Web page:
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LumiQuest Snoot XTR

Copyright 2011, 2014 by Wil C. Fry. All Rights Reserved.

Published: 2011.12.26, Updated 2014.12.15

All images in this entry are Copyright 2011 by Wil C. Fry.
Some rights reserved.


On a whim, I added the LumiQuest Snoot XTR to my Amazon wish list (link) just before Christmas (2011), along with a couple of other light modifiers. My wife chose this one as my Christmas gift, and I opened it on Christmas Eve.

It's about $30, which is considered throwaway money in photography terms — cheaper than a decent filter. As I'll discuss more fully below, it looks and feels cheap (cheaper than the price), but does exactly what the company said it would: it narrows the beam of light from your flash.

The snoot and included extender are shipped flat, and can be stored or transported that way in a camera case or backpack to save space. They're made of a material that feels like the shell of a Trapper Keeper binder (for you older folks) — a soft, polymer-type substance (the package doesn't specify the material), with Velcro fasteners.


Roll the extender into a tube and the Velcro holds it together; fold the snoot along the obvious lines and fasten it as well. There are included self-adhesive Velcro strips that attach to the head of a flash gun (or use the optional $8 "Ultra Strap") to attach the snoot to the flash.

Because you roll the tube manually and fold the snoot manually, they might not have the same exact shape as you'd see in an advertisement for this product. The walls of the snoot and extender weren't perfectly symmetrical in my tests. The snoot's rear opening was a trapezoid but became more rectangular after it was attached to the flash. The front opening was a squished oval.

I'm not rough with any of my gear, but this product feels like it wouldn't stand up to rough handling. I recommend peeling it open, rather than ripping it open.

Here's what the snoot looks like when attached to my LumoPro LP160 flash (my review of the LP160), without the extender tube:


With the extender (simply inserted into the snoot), the flash becomes far too front-heavy. So I had to prop it up with a lens cap:


At this point, you're ready to make pictures. Mount the flash on the camera's hot shoe, or fire it off-camera as I usually do. For the three example images below, I used a Cactus V4 wireless flash trigger to fire the flash off-camera.

When using any kind of light modification such as this (or softbox or diffuser or bounce card), I recommend using the Manual mode on your camera and manual settings on your flash. Any auto settings on the flash or camera might result in poor exposure because the camera's light meter is assuming the flash is unmodified. (And in fact, LumiQuest says as much on their website: "Automatic operation will be affected as illuminated area is limited; bracketing and/or testing is recommended.")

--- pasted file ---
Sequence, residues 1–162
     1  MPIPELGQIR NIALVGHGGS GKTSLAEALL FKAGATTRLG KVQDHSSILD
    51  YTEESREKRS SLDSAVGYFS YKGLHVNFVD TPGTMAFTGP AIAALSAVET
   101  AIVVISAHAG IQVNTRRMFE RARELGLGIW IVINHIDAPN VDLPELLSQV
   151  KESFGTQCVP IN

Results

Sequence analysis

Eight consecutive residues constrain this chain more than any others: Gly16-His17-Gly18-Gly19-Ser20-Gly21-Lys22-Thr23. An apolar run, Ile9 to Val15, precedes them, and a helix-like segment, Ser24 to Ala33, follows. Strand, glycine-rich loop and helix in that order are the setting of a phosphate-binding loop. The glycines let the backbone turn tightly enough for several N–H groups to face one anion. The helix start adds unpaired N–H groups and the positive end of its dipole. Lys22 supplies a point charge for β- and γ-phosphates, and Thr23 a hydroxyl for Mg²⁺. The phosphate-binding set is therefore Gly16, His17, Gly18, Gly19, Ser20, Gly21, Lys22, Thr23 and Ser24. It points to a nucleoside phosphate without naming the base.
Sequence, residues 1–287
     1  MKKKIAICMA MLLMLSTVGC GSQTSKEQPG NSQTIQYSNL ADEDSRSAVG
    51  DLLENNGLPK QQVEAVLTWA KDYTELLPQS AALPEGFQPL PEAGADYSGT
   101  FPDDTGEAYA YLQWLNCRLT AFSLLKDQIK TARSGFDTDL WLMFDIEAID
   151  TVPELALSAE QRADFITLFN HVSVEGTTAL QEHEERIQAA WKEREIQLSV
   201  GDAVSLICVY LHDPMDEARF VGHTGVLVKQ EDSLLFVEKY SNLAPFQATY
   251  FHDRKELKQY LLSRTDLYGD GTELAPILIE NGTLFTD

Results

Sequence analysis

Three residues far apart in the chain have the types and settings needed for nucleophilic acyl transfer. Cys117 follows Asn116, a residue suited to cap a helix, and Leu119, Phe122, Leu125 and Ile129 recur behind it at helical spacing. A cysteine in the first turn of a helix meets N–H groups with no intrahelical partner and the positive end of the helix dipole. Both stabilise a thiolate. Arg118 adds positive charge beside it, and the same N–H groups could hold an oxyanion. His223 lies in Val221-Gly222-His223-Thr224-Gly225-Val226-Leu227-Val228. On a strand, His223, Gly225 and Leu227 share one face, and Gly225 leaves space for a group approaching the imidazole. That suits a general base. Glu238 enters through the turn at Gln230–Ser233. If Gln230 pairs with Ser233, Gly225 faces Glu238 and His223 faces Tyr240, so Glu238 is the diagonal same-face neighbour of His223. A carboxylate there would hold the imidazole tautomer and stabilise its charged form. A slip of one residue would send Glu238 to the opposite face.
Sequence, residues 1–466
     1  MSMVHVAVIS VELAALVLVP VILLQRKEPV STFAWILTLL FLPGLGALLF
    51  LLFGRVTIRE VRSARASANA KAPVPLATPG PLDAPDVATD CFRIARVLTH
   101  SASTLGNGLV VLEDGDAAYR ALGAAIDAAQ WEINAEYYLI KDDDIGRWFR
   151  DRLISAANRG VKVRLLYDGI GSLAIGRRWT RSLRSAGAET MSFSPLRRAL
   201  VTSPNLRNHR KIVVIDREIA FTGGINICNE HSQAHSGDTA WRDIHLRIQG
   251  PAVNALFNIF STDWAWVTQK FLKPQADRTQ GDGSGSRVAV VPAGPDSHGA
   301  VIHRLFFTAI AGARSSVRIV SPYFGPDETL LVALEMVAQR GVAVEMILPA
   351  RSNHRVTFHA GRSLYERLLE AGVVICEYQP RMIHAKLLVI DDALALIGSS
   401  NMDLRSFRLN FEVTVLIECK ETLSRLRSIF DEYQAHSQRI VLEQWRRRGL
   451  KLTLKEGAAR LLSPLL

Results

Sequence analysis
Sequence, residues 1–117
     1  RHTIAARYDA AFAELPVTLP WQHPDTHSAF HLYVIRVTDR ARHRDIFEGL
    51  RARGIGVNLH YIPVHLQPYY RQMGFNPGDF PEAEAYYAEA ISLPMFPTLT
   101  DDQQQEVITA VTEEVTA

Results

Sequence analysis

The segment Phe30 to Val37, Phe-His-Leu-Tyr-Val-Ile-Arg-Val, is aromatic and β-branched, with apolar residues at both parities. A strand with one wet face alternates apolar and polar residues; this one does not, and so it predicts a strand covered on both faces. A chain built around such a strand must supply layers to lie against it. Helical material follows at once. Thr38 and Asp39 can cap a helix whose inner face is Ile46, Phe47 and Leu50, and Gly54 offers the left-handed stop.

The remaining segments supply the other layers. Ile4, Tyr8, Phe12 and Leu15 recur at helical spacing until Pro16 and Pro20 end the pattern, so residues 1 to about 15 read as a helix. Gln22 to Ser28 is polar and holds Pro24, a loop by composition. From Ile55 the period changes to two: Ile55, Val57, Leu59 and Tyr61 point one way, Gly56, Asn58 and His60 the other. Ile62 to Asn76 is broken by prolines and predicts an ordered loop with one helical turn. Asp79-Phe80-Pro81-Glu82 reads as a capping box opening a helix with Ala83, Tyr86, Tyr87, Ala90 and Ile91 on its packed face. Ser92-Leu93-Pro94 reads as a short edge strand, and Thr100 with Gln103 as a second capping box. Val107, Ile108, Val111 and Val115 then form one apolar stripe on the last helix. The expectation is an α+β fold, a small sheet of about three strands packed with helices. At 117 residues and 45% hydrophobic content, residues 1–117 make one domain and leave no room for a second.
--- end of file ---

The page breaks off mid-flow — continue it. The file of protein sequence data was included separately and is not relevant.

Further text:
The first example image below is a control image: using the flash without a modifier. The LP160 was set to 1/64 power, at default zoom, and directed at the wall just above the toys.


Because it's direct flash, unmodified, you see harsh shadows beyond and to the left of each toy.

When I attached the LumiQuest Snoot XTR (without the extender tube), the beam of light from the flash doesn't change in power; it's just narrowed to a smaller portion of the wall.


As you can see, the light is oval-shaped and spread out a bit. The oval shape is due to the snoot's front opening. The fact that it spreads a little to the left is because the flash is coming at the wall from an angle (the flash is located off to my right).

When I inserted the extender tube, the beam of light is again narrowed, drastically.


There's very little ambient light in the room, so the toys that you saw in the other images are now shrouded in darkness. This is the whole point of using a flash with a snoot — to highlight just a portion of the image.

It's advertised by LumiQuest as being "great as a hair or accent light", and that seems accurate. With a 14-month-old toddler running around wanting to play with her Christmas presents (pictured above), I didn't have time to test more fully or set up any portraits. However, based on my very simple test, the Snoot XTR does what the company said it would.

It's simple to set up and attach to the flash; no tools or technical skills are required. All that's required is a flash gun with an average size head and the know-how to adjust your camera settings to the scene. It's simple to remove from the flash and fold flat for storage.

My only concern is how cheaply made it feels. Based on previous purchases of photography-related toys and trinkets, this feels like something that should cost about $10 or $12 instead of $30. However, I assume supply-and-demand have a lot to do with the cost; it's a fairly niche-type product, so the demand is low enough to keep the cost high.

(This review was originally published on my blog; I've moved it off the blog with my other reviews so it can have a more static page of its own.)





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